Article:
A local hapu in Taitokerau is one of the first to sign a Resource Management Act agreement with the Northland Regional and Whangarei District Councils. The agreement gives the hapu a say in planning proposals at the start of the process.
The Crown is aiming to provide more opportunities for tangata whenua to be involved in the RMA processes.
Patuharakeke Trust Board environmental/taiao unit manager Juliane Chetham says the agreement, Manawhakahono a Rohe (MWR), signed with the two councils details the parties' expectations on issues relating to the environment.
"Mana whenua will be represented at a governance level with councils soon. We're going to have decisionmaking at a standing committee level."
The agreement means the Crown will provide better opportunities for early consultation by the Patuharakeke hapu, which has cultural concerns over issues such as the government exploring moving Auckland's port to Whangarei.
There from the outset
"We don't come in at the back end of the consenting process and other RMA processes, so that we're there from the outset and we can help shape policies and consents work and fit in our rohe."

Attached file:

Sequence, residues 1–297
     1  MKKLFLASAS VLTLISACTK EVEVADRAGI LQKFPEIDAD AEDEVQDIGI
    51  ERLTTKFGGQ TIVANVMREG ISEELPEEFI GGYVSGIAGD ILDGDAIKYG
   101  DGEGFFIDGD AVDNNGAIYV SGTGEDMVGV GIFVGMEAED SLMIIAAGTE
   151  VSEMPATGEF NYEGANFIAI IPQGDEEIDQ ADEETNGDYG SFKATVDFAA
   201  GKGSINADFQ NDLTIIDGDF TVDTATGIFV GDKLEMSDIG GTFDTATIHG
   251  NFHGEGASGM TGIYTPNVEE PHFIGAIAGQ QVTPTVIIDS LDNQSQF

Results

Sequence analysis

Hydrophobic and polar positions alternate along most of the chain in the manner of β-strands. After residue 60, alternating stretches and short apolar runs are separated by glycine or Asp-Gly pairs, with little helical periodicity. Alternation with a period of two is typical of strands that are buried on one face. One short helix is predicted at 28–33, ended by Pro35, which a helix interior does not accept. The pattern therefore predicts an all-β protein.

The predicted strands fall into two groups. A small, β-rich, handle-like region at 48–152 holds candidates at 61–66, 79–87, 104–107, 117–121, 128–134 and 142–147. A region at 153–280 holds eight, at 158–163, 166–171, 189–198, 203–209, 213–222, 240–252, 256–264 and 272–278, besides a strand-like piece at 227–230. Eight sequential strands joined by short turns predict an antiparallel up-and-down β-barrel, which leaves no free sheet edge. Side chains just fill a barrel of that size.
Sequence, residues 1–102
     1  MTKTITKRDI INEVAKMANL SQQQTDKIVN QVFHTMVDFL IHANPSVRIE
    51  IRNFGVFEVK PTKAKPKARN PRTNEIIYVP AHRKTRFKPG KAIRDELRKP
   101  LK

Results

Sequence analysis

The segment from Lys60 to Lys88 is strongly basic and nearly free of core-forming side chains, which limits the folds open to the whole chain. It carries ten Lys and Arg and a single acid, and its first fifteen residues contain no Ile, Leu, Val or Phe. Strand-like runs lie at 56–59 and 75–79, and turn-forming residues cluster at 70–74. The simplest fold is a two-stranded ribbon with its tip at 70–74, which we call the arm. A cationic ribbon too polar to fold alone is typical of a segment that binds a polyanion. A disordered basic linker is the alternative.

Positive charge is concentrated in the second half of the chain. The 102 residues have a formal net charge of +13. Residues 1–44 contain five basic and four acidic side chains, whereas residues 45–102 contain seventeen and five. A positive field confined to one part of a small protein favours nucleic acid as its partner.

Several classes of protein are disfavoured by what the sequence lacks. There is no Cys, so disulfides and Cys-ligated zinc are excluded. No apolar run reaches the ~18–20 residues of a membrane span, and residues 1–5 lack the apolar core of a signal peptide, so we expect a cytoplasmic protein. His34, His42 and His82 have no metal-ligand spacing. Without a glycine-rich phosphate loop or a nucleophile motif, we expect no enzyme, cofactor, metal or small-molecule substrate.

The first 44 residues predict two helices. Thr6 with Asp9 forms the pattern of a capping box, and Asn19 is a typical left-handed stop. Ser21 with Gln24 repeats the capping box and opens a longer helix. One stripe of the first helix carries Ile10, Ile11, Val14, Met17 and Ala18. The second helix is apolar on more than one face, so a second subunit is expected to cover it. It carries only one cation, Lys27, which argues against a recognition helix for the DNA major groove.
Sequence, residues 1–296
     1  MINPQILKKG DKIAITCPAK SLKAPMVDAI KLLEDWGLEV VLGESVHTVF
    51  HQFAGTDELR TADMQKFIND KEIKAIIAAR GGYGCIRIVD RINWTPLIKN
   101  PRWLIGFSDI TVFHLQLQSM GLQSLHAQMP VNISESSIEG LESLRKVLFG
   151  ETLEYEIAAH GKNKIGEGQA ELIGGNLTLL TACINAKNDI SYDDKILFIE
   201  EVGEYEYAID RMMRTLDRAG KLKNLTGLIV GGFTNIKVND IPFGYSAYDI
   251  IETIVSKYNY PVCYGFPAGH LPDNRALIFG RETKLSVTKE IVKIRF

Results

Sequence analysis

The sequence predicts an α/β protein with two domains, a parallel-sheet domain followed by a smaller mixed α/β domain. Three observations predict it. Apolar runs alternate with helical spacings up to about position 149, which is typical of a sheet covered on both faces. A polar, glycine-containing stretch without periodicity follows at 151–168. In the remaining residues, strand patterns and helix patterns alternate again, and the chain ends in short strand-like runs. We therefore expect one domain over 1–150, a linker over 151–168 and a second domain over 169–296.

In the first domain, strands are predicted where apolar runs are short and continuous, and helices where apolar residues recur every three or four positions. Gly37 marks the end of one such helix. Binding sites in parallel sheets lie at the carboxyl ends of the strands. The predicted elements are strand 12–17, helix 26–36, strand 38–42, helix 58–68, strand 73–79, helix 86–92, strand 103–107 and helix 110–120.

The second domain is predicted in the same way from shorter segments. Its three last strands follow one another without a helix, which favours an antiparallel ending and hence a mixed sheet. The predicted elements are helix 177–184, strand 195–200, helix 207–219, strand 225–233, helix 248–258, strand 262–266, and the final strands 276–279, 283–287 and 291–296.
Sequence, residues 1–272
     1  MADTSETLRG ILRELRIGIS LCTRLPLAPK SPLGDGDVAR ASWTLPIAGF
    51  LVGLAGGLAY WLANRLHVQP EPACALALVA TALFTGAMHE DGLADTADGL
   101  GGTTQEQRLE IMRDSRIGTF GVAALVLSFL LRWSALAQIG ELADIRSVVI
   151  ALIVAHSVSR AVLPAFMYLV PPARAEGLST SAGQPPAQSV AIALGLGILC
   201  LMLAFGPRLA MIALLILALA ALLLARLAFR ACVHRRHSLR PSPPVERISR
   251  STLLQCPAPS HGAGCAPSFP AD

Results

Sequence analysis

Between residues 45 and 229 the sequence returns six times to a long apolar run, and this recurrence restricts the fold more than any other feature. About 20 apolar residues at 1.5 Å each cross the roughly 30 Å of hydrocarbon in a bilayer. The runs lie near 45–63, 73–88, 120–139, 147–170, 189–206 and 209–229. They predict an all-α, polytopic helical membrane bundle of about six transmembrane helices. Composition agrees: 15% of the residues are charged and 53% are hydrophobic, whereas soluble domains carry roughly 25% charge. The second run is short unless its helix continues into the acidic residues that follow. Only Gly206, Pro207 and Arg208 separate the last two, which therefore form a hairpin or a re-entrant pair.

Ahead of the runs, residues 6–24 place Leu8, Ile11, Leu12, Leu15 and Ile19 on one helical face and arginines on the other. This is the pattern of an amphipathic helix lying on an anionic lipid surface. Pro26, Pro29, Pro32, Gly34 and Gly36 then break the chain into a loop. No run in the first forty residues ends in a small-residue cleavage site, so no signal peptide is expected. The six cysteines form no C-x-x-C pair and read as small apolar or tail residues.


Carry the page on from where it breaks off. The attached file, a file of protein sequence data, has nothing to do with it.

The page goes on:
Northland Regional Council Chair Penny Smart, who signed the MWR agreement on behalf of the regional council at the Takahiwai Marae at the weekend, says the vision of the binding agreement is ‘He waka hourua eke noa’.
"If there are any plans changed or any regional plan review Patuharakeke will have input into that as far as say the appointment of hearing commissioners the engagement processes, any areas of significance", Smart says.
"As far as the RMA processes go, I think getting this agreement formalised was approximately three years but as I say even before the agreement was signed there was a lot of input from iwi and hapu within Taitokerau, especially Patuharakeke, through our Maori advisory group."
Funding and resourcing will now be available for Patuharakeke environmental management plans to ensure there is a Maori-based environmental monitoring structure. The MWR agreements are some of the first since Poutini Ngai Tahu was signed by the West Coast Regional Council in late October.
Chetham concludes, "If you're not embedded in the early planning and policymaking, you end up fighting at the back end of a consent process. You end up going through a really adversarial process. They arer costly and time consuming."